10:11pm: This convention just got Bidened!
10:06pm: Biden is getting choked up in talking about killed and wounded U.S. soldiers. Or at least, is pretending to get choked up.
10:05pm: Biden is crushing it, navigating the audience through well-rehearsed emotional ups and downs.
9:58pm: Biden is one of the Obama campaign's many attack dogs during this DNC. Biden and the other Dems are incorporating a lot of one-liners about Romney's policies.
9:53pm: Biden: "Osama bin Laden is dead and General Motors is alive!"
9:47pm: Biden is doing a fantastic job contrasting the worldviews of Obama and Romney. Obama saving the U.S. auto industry is a major part of tonight's narrative, as the Democrats will likely need Ohio and Michigan to win the presidency. The Dems are also hoping to pick up congressional seats there. If Obama can be portrayed as the savior of manufacturing jobs in the midwest, Democratic candidates in those areas may be able to ride his coattails to victory.
9:46pm: Biden is deriding Romney for doing things "the Bain way."
9:39pm: Biden: "A job is about a lot more than a paycheck. It's about dignity."
9:36pm: View from the top:
9:32pm: Biden accepts vice presidential nomination.
9:29pm: Bold prediction: Joe Biden will make it through this speech without cursing.
9:22pm: The over/under on gaffes for Joe Biden's upcoming speech is 2.5.
9:15pm: Dr. Jill Biden is speaking. I wish I could see the look on her face after each and every one of Joe's gaffes. They must be priceless.
8:56pm: Why didn't John Kerry show that kind of passion during his presidential run in 2004? We could've all been spared for more years of W!
8:52pm: Kerry made a self-deprecating jab at Romney's flip-flopping: "Talk about being before something before you were against it," alluding to the remark Kerry made about his votes on Iraq war funding that enabled the Bush administration to portray him as a flip-flopper.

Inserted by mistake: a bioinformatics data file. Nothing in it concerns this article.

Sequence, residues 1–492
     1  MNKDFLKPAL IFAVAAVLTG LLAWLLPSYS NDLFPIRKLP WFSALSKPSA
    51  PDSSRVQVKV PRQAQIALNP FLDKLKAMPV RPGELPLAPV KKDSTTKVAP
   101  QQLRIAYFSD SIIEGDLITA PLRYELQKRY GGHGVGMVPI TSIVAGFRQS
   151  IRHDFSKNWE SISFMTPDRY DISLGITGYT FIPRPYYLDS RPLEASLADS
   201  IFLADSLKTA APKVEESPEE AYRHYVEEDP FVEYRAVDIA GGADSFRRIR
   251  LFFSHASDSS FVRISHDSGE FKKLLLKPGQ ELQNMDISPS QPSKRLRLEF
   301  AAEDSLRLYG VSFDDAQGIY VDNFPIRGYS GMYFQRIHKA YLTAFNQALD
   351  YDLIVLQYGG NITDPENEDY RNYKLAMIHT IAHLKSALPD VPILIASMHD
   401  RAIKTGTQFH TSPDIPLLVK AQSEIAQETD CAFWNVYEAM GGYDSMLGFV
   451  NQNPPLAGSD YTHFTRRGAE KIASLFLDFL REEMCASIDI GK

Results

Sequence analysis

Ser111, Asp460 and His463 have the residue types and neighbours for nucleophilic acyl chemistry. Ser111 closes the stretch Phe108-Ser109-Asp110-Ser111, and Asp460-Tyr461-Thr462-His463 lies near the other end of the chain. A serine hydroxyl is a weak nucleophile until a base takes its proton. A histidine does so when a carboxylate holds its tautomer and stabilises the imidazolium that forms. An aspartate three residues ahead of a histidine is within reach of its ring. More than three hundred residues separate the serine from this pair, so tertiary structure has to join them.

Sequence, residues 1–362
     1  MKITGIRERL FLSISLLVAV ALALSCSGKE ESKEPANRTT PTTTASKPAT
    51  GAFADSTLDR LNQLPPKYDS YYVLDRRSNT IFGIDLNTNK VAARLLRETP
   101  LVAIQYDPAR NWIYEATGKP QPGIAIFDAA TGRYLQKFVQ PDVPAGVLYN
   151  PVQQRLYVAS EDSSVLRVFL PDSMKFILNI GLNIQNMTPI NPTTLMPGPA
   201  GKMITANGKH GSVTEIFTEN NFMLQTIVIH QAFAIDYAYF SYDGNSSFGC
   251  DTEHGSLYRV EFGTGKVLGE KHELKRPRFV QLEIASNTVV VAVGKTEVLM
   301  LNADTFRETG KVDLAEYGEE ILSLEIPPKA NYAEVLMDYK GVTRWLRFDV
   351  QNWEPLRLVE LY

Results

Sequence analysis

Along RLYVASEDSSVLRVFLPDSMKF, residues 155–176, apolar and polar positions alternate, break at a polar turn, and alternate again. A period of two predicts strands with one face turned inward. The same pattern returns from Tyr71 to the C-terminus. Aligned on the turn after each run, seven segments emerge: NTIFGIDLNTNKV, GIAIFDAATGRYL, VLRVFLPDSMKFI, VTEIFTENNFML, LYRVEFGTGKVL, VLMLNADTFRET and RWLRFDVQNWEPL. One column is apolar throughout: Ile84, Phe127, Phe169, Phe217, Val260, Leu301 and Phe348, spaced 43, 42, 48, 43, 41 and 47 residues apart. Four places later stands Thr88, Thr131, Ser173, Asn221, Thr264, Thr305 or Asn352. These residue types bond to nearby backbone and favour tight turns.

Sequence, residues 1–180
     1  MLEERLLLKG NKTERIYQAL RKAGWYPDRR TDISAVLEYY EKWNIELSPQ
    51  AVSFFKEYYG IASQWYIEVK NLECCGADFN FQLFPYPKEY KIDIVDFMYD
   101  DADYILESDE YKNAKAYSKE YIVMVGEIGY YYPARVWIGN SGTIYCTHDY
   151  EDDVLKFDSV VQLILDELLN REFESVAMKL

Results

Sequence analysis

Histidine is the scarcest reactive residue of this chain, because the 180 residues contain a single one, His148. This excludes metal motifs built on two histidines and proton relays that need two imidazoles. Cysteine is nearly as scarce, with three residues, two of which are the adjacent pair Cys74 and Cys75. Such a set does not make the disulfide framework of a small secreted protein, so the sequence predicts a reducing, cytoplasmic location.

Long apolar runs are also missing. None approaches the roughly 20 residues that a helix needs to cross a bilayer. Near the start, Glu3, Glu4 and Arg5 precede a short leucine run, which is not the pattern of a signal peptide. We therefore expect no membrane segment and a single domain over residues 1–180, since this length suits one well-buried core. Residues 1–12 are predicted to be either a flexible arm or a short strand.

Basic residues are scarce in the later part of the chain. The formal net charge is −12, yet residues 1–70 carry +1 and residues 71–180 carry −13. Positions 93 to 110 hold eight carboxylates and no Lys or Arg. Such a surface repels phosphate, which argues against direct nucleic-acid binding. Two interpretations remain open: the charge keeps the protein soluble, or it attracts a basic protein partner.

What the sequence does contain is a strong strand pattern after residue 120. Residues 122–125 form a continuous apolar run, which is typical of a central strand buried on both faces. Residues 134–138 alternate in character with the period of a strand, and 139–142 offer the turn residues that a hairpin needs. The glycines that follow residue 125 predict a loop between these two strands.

8:50pm: Kerry is laying waste to Romney on foreign policy, calling Romney and Ryan the most inexperienced ticket on foreign affairs in decades.
8:43pm: Massachusetts Senator, and likely next Secretary of State of State (if Obama is reelected) John Kerry is addressing the convention. Word has it he has some zingers for Romney in his speech.
8:41pm: Video of Geraldine Ferraro, who was the first female VP candidate in history (1984). The only other female nominee for VP (or president) was Sarah Palin. This is a devolution.
8:36pm: Charlie Crist is just as orange-tanned as John Boehner. Crist is from Florida, but Boehner's from Ohio. What gives?
8:30pm: What a jovial, affable man Montana Governor Brian Schweitzer... even when he's holding a giant gun!
8:22pm: Photo of Gabby Giffords and Debbie Wasserman Schultz from earlier:
8:18pm: Somebody call 9-1-1...Jennifer Granholm is on fire!
8:16pm: Granholm is laying waste to the Mittster. Just a complete trashing of Romney's opposition to the auto bailouts: "In Romney's world the cars get the elevator, and the workers get the shaft!"
8:12pm: Jennifer Granholm is from Michigan, "where the trees are just the right height."
8:04pm: Caroline Kennedy could not sound any less excited to be here.
7:59pm: Former Congresswoman Gabby Giffords gets a huge ovation and leads in the Pledge of Allegiance. Giffords was shot in the head during meet-and-greet with her constituents in Arizona in 2011.
7:56pm: Word at the convention:
JOHN KERRY HAS SOME GOOD ZINGERS PLANNED: Senate Foreign Relations Committee Chairman John Kerry - the Vietnam veteran who would love to be Secretary of State in a second Obama term - will highlight "the consequences of a Romney-Ryan foreign policy agenda" in his speech tonight. Here are some excerpts-
Defining American Exceptionalism: "Our opponents like to talk about 'American Exceptionalism.' But all they do is talk. They forget that we are exceptional not because we say we are, but because we do exceptional things. The only thing exceptional about today's Republicans is that - almost without exception - they oppose everything that has made America exceptional in the first place."
Touting the bin Laden kill: "And after more than ten years without justice for thousands of murdered Americans, after Mitt Romney said it would be 'naïve' to go into Pakistan to pursue the terrorists, it took President Obama, against the advice of many, to give that order to finally rid this earth of Osama bin Laden.Ask Osama Bin Laden if he's better off now than he was four years ago!"